In summary, the document highlights the IRS’s recognition of cryptos as property and refers to it as a Convertible Virtual Currency. This means that it can be exchanged for FIAT currencies like the dollar.
What they didn’t highlight however, is how to go about filing the taxes for cryptos. It is assumed that the process will be in a manner similar to that of properties.
Whatever the case, the IRS considers every action involving the buying, selling and exchange of cryptocurrencies as taxable events. So, if you were to buy some Tether (USDT) with cash, that’s a taxable event.
If you exchange that for Ethereum (ETH), that’s another taxable event. However, if you move the Ethereum from the exchange e.g. Binance to your personal Myetherwallet, that’s not considered a taxable event.
Bottom line, any FIAT to Cryptocurrency or Cryptocurrency to Cryptocurrency exchange you make within a fiscal year, will be taxable. So, as long as it implied reward of some sort –whether you profit from it or not is moot- you will pay taxes on it.
However, if you hold it in keeping without selling or exchanging, you will not be taxed –this is even more so when you move from one of your wallets to another.
So, How Do You Determine How Much To Pay The IRS?
Well, since cryptocurrencies are taxed pretty much the same way as your property, assets, investments, stocks or bonds, you will need to factor in your capital gains and losses before paying the taxes.
This means that to determine the correct amount you need to pay, you’ll have to first determine the following:
- Date of initial cryptocurrency purchase or exchange
- The exact costs involved in the transaction (this also includes any costs, charges or fees accrued in the process; not just the cost of the cryptocurrency you purchased)
- Date of cryptocurrency exchange for cash or sale
- Exact price at which cryptocurrency was sold and total income/revenue from the sale (this also includes charges and fees)
While it’s true that tracking your trades might be somewhat overwhelming particularly if you do a lot of trading, the reality is this might be one of the best ways to protect yourself from the IRS.
The IRS will not accept negligence or ignorance as an excuse. So, you should actively seek to document all your trades. Also, there’s the added advantage of tax reports provided by certain exchanges.
These exchanges understand that there could be tax problems associated with their traders’ accounts. So, they have taken the initiative of making tax reports of their trades available on the exchange. Check your exchange to see if they offer such services –usually comes free of charge too.
How About Capital Gains and Losses For Taxes?
When it comes to cryptocurrency tax filings, there are different types of gains and losses. For the capital gains, there’s the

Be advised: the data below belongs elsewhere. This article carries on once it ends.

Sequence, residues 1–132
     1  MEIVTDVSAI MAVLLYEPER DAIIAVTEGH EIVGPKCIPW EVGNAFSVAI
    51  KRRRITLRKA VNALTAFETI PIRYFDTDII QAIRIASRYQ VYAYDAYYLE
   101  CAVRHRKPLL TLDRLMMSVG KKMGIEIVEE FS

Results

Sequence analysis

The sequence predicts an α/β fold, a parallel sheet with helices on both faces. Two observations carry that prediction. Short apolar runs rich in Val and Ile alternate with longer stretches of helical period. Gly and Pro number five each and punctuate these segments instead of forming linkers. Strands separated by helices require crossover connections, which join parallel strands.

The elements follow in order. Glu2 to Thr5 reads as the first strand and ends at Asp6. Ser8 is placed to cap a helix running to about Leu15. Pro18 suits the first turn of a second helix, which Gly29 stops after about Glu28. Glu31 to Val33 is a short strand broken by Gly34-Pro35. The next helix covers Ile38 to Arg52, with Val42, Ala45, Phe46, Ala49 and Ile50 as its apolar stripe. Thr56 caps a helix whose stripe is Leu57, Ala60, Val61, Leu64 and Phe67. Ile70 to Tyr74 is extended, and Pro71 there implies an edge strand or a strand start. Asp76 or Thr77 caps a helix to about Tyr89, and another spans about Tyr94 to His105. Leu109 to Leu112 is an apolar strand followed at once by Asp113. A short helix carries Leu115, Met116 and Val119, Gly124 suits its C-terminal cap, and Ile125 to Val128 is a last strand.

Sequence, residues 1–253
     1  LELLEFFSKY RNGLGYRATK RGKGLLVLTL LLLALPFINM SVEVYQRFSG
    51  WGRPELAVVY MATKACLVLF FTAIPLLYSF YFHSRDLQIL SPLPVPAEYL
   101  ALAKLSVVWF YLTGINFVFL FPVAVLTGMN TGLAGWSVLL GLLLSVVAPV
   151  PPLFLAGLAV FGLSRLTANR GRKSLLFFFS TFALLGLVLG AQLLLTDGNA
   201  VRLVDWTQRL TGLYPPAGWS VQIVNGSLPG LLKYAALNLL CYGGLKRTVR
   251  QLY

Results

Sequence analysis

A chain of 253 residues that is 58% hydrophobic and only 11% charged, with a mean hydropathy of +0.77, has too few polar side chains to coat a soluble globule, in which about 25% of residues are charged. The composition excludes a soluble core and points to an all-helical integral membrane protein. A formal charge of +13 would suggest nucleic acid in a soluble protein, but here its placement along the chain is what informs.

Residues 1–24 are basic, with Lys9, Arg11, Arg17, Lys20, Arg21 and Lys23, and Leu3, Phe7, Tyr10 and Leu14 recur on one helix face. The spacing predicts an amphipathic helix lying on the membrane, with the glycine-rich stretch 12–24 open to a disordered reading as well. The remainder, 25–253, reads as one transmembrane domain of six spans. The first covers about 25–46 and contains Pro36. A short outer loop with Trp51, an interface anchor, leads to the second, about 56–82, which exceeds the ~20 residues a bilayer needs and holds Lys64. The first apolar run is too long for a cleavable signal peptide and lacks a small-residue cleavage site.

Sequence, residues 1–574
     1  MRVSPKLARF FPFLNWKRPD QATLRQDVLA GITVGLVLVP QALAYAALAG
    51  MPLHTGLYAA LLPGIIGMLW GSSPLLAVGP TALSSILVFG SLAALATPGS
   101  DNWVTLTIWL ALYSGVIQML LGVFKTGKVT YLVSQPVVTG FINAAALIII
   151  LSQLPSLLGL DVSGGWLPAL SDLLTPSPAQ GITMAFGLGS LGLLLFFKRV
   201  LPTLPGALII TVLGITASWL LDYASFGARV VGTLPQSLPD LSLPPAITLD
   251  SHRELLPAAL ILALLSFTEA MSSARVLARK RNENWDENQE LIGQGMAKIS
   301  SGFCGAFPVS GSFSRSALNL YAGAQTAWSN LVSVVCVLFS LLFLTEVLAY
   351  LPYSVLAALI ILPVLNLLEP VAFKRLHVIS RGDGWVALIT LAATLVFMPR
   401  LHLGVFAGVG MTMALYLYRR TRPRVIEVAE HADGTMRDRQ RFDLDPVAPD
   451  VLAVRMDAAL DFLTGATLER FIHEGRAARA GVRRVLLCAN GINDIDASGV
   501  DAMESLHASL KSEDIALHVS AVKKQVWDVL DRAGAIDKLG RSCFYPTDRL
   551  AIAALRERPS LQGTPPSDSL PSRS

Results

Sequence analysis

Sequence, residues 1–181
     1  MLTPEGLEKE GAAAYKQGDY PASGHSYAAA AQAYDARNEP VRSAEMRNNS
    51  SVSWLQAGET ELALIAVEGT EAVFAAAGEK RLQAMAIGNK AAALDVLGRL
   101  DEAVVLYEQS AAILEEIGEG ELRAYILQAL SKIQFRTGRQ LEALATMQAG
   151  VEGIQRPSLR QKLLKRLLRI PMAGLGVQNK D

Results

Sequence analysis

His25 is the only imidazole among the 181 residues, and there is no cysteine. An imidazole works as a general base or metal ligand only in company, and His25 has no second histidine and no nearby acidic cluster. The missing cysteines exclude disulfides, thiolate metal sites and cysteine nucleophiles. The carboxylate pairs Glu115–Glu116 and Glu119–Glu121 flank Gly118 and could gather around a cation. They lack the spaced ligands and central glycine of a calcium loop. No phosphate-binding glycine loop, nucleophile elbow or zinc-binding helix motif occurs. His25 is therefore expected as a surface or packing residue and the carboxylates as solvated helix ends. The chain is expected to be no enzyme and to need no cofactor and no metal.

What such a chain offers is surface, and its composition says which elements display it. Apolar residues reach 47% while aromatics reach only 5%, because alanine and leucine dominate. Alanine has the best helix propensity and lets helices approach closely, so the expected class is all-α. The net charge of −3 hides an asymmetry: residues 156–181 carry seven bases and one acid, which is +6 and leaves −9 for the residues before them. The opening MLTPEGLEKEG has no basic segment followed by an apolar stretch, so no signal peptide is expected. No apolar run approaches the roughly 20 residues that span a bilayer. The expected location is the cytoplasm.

- Short term gains
- Long term gains
Short term gains are usually placed in the same category as income. So, whatever you make from your trades will most likely be subject to tax at your current tax bracket. Long term gains however, are taxed differently, and are usually lower than your short term capital gains. Long term capital gains often refer to the profits you make from “hodling” your cryptocurrency.
So, if you bought 10 ETH when it was priced at $7.95 in November 2016, and then stored it until December 2017, when it was valued at over $1,300, you will pay taxes on the profit made from holding the cryptocurrency. In this instance, that would be the $1,292.05 you made per ETH after subtracting the $7.95 from the $1,300.
Losses on the other hand is how much you lost from the investment. If, using the earlier example of 10 ETH, you bought at $1,300 in December 2017, and sold recently at $800, your capital losses would be valued at $500 per ETH.
You’ll need to report this too in your tax filing and deduct it from your taxes. Please note however, that you can only claim up to $3,000 in losses.
Also, with the Tax Cuts and Jobs Act kicking in this year, this might be the last time to claim tax losses on property –remember cryptocurrencies are categorized as property. So, if your ethereum wallet was hacked or you lost your cryptocurrency, this is the right time to claim those losses. You won’t get that opportunity in 2019.
Cryptocurrencies Taxes Guide Conclusion
If you had a great year with cryptocurrencies last year, chances are you might be tempted to completely skip the inclusion of your cryptocurrency gains and proceeds from your tax declarations and filings.
Well, we wouldn’t recommend that. The IRS is pretty serious about cryptocurrency proceeds tax as evidenced in their requisitioning of date from Coinbase. It’s only a matter of time before they do the same for all other popular exchanges. Once they do, you could potentially be in trouble.
It’s best to just file the taxes and be done with it. Better to be free and solvent so you can take advantage of the opportunities that 2018 will present, than be in jail because you omitted your crypto portfolio.